This is a place where many people died (but not a final resting place of anyone). It is also the center of one of America’s most densely populated residential and business neighborhoods. Within a few years this plaza will be filled with hundreds business people eating lunch, screaming children (mine included), and people looking for a place of clear sky in the city. This plan allows the city to return, but still gives a private and reflective spot to remember what happened.

What do you think of the winning design for the memorial at the World Trade Center?

31.9%
It's wonderful. (559 responses)

29.0%
It's Ok, but they could have done better. (508 responses)

39.2%
I don't like it at all. (687 responses)

1754 total responses

If anything, it will be controversial. That's a good thing. Maybe the best point is that it will get people talking.

It would have been better. If they had just left the rubble of the twin towers instate. There is no hint of memory, emotion or history in the design that has been chosen. It is as dead as a long administration building hallway. It does not evoke any emotion.
I agree, it stinks.

This is rediculous. How hard is it to design a memorial for 9/11? The thing designs itself. A statue of a pile of rubble (an actual pile of rubble would be too unstable and short-lived), some bits of the WTC still poking up, maybe a jet engine or a notable piece of an aircraft in the mix, a statue of the guys raising the american flag from the ruins with an actual american flag on a cleverly designed real flag pole. Done. Was that so freaking hard? And it's already about a gazillion times better than the pap the pros have "designed" (to use the word generously).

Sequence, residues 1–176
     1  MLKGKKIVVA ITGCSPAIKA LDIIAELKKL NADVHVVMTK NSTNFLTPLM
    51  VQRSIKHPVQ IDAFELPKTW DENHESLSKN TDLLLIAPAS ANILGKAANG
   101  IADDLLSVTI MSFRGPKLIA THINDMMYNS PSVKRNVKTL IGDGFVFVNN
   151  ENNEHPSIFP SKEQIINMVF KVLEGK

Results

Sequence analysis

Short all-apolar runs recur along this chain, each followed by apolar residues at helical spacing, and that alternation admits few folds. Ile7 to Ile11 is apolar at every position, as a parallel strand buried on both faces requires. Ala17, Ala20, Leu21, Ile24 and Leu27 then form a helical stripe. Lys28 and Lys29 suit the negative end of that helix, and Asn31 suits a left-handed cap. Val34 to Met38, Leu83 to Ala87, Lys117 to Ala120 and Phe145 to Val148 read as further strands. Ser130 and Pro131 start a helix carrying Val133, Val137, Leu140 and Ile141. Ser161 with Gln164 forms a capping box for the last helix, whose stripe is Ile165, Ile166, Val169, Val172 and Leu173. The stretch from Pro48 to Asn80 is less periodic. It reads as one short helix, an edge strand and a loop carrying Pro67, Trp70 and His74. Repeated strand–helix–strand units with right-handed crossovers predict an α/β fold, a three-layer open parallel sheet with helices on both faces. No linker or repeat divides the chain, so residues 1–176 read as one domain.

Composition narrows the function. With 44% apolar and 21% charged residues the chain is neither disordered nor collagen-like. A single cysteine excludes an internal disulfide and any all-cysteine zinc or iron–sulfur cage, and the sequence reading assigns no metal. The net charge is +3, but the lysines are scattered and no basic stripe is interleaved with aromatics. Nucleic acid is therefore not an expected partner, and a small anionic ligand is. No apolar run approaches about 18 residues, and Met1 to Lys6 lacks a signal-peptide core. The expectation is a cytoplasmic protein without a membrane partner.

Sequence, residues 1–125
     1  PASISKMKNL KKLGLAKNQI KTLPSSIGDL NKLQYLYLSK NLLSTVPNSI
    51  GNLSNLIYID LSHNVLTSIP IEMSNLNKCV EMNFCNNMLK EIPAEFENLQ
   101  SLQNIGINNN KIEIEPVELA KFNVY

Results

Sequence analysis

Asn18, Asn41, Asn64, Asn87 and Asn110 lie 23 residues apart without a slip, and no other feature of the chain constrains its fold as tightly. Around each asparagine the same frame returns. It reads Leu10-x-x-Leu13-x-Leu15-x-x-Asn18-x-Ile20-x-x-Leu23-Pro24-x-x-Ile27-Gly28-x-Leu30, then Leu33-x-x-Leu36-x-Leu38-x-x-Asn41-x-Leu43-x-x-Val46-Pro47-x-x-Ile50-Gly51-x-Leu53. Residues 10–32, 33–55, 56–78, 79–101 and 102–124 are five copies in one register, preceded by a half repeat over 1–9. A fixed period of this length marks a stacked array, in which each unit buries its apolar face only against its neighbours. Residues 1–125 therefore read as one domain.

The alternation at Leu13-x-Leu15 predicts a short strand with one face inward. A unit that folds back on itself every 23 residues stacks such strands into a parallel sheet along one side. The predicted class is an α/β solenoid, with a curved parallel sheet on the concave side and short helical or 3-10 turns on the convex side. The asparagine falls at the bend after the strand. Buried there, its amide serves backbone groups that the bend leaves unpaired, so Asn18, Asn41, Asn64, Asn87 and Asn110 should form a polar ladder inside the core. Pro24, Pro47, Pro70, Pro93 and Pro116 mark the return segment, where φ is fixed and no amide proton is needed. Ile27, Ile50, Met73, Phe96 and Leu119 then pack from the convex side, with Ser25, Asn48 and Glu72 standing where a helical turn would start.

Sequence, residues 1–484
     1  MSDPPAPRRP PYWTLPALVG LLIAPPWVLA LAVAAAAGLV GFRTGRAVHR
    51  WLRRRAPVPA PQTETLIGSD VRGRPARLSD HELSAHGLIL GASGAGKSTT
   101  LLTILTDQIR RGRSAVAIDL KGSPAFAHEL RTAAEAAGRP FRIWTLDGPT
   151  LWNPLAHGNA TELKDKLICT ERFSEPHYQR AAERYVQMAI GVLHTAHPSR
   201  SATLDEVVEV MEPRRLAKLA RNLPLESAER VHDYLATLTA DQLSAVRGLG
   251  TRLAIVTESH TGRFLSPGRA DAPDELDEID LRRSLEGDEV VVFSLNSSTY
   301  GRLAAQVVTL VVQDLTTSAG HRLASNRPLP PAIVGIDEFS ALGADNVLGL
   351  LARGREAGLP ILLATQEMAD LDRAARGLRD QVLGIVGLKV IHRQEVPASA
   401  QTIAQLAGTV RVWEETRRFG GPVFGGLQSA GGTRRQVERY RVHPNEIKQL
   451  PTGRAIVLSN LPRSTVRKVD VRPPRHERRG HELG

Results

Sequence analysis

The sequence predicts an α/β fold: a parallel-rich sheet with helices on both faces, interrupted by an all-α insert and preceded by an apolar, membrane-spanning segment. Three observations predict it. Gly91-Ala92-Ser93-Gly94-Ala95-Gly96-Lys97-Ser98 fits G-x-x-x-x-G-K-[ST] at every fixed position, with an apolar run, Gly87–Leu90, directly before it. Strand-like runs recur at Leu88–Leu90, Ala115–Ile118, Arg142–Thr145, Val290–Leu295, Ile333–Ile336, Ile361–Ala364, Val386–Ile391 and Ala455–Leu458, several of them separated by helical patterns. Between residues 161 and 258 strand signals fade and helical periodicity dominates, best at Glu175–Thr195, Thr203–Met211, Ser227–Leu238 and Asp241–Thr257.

Allah, you're very right about the Arizona Memorial. Even more sobering, it is hallowed ground - the remains of over 1,000 of the crewmen of the USS Arizona are entombed within the sunken ship.

As with the Vietnam Veterans Memorial, when you see the names of those who were lost, you begin to appreciate what was lost. It's like being at Arlington National Cemetery, seeing those beautiful rolling hills covered with markers. It is a hard thing to see. It is beautiful, and it is awful.

That's what a memorial should be... it should make us think, make us reflect, feel the pain again and understand what happened to us, and how it changed us. It should make us resolved to be better than we are. It should make us remember, and promise not to forget. It should put a lump in our throats and help us help our children appreciate and understand.

Damn, I have gotten sappy. Sorry folks.

Excellent comments, one and all. A memorial will never fill the void left by that which is memorialized. Jefferson Memorial, OKC, Pearl Harbor, Washington, The Alamo, Holocaust.

They are not supposed to fill a void. They are supposed to make you think, and remember and honor the valiant and noble, and grieve the loss.

No memorial is without controversy. Several comments here mention Arlington. One has to remember that Arlington was built to bury Union war dead, on land once owned by (and confiscated from) a confederate General.

A memorial is supposed to make you think, and feel and cry and rejoice. There is no "right" and no "wrong". If the memorial evokes strong emotions, then it is.

You're right Greg...and the graves go right up to Lee's house...which is preserved there. The Union Quartermaster General who selected and prepared the site had lost his son in the war. I do believe the man was grieving.

I want to see the WTC built right back. The proposed new building in simulated NY pictures looks completely out of place with the rest of the buildings. Stark contrasting buildings that reflect more the ego of the designer(s) Ugh.

I'm afraid it will become more of a memorial for the terrorists and pictures of it will hang with pride in many terror supporting homes around the world.

I never was in the WTC but always wanted to. I would follow Ian up to the observation deck and reflect on what I can do for my country in memory of those who died, lives cut short.